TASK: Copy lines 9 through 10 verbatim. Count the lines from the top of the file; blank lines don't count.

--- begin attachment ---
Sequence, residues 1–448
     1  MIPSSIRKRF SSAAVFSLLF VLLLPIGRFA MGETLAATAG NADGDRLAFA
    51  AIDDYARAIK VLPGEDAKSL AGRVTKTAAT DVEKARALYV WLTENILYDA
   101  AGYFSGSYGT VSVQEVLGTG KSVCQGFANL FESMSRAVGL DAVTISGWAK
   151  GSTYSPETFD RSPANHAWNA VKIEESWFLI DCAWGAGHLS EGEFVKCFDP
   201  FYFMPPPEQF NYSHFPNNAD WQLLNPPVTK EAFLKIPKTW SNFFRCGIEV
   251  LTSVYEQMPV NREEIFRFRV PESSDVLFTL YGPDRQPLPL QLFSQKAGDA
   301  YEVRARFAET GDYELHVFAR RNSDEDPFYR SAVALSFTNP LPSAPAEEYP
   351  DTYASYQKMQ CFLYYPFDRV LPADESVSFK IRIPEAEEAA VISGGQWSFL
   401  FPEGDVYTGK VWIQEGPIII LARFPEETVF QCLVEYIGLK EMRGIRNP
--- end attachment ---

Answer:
   351  DTYASYQKMQ CFLYYPFDRV LPADESVSFK IRIPEAEEAA VISGGQWSFL
   401  FPEGDVYTGK VWIQEGPIII LARFPEETVF QCLVEYIGLK EMRGIRNP